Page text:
$ sudo chown www-data:www-data /var/www/html/nextcloud/data
$ sudo chmod 750 /var/www/html/nextcloud/data
Check the new directory with ls. You should see output like this, although of course your date and time will be different:
$ ls -ld /var/www/html/nextcloud/data
drwxr-x--- 2 www-data www-data 4096 Nov 20 14:41 /var/www/html/nextcloud/data
Set Directory Owners
Next, set the correct ownerships on Nextcloud “config” and “apps” directories:
$ cd /var/www/html/nextcloud
$ sudo chown www-data:www-data config apps
Create a Login for Nextcloud
In a browser, surf to your new Owncloud web page. Use the URL:
http://your Pis IP address/nextcloud
For example, the address of my Pi is 192.168.1.99. So I go the the URL:
You should see a mostly dark blue login page. In the middle is a “Performance Warning” about SQLite. Ignore that. Near the top it says “Create an admin account”. Think of a user name and password and type them into the boxes provided. Then click on the “Finish Setup” button.
…Wait for a couple of minutes while Nextcloud competes the installation. During this time, Nextcloud creates more files and directories in our data directory, and it puts a database in there too.
Hey Presto! After a after a short delay, you should see the Nextcloud intro page with the slogan “a safe home for all your data”. Click the cross at the top right of the dialogue to dismiss it. You should now be looking at the main Nextcloud “Files” page. There you can see a couple of folders, a Nextcloud MP4 video file, and a PDF Manual.
I should note that when I was trying this step, UBlock Orgin (default install on chromium in Raspbian and running on Chrome for my laptop) was blocking access to NextCloud, so you may need to either disable UBlock Origin or use an alternative browser in order to reach the nextcloud login page. This site brought my attention to the problem
Next, you’ll want to increase the max file size you can upload. Since you’re going to be editing the .ini file, I recommend backing it up temporarily to the Pi’s desktop with the following command.
cp /etc/php5/apache2/php.ini /home/pi/Desktop/
Next, edit the php.ini file with the following command to open it in the nano editor
sudo nano /etc/php5/apache2/php.ini
Find the following lines with CTRL+W and edit, then type CTRL+O to rewrite and hit enter to save. The hit CTRL+X to exit. Note – NextCloud is currently limited to 2000MB max file size.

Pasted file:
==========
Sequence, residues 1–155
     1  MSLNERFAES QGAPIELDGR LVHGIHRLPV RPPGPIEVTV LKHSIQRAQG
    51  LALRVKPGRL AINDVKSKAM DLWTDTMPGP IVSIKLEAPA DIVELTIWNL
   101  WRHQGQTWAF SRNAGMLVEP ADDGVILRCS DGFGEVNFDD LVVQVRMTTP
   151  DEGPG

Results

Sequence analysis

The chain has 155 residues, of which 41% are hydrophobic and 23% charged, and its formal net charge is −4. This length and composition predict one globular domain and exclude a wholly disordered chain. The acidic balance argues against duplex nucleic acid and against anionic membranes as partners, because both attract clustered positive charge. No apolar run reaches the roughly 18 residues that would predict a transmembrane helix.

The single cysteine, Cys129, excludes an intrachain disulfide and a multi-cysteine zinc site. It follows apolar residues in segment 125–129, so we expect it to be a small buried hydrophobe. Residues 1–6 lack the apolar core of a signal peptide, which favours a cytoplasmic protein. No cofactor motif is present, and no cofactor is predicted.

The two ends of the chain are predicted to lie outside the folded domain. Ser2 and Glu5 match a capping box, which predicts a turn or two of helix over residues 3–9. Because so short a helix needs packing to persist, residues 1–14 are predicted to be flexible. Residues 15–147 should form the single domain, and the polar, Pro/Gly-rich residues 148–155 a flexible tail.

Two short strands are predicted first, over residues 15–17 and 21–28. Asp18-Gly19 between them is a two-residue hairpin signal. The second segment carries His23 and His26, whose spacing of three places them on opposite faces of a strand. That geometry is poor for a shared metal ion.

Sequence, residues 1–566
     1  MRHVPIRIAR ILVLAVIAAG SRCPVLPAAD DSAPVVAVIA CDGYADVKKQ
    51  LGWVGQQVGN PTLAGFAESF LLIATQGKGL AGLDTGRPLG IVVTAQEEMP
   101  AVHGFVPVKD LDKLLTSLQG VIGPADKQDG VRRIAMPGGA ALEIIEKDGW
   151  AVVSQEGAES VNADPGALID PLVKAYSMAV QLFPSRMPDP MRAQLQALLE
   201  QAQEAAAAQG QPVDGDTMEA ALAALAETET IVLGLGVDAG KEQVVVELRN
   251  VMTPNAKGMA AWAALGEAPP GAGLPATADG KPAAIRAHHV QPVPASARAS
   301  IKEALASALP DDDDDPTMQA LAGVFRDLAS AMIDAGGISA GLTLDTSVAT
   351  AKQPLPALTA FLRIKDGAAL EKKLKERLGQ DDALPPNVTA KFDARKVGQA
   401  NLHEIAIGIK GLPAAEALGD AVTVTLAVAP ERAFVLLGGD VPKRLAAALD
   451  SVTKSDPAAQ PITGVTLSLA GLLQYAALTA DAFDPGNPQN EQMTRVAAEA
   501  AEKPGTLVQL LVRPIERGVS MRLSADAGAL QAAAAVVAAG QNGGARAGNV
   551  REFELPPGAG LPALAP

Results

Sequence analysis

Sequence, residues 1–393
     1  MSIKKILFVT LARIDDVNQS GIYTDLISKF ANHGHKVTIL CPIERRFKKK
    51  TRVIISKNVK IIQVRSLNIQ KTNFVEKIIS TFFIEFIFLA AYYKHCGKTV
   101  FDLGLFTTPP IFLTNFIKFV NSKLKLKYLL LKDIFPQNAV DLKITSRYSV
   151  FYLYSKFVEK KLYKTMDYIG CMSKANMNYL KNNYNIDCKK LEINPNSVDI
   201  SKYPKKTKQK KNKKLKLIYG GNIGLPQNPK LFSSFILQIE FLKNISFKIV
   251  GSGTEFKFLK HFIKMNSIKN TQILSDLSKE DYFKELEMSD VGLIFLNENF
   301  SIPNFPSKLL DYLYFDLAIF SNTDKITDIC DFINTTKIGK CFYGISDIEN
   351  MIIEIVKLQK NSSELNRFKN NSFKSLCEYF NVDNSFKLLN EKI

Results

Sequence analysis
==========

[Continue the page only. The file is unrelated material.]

Change these two lines:
post_max_size = 8M
upload_max_filesize = 2M
post_max_size = 2000M
upload_max_filesize = 2000M
Then restart Apache
sudo service apache2 restart
Connecting External Hard Drive
Reformat drive for NTFS in windows or MacOS and connect to the Pi. Then run the following commands in Raspbian to create the folders for your actual storage drive and be able to load the drive. lsblk lists the disks. You should see your external drive, otherwise it’s not formatted correctly.
sudo apt-get install ntfs-3g
sudo mkdir /var/nextcloud/
sudo mkdir /var/nextcloud/data/
UUID=8c0a7e15-a81a-4f59-9e30-7fabf14fff5c /var/nextcloud/data/ auto nofail,uid=33,gid=33,umask=0027,dmask=0027,noatime 0 0
Once you have everything set up like you like, I recommend creating a clone of the Raspbian drive so you can restore if you need to in the future. Guide for windows is described here and MacOS here or Linux here.
My specific mac command:
sudo dd if=/dev/rdisk3 bs=1m | gzip > /users/davidwilson/desktop/apache_pi_backup.gz
This takes quite a while to run since you’re compressing many GBs of data, so you can check that it’s still functioning in terminal on Mac with CTRL+T
I found it very frustrating not to be able to navigate the root folders in the Raspbian file system, so you can either sign in as root or grant access by downloading gksu and then activating it for a file system window.
sudo apt-get install gksu
To be continued – maybe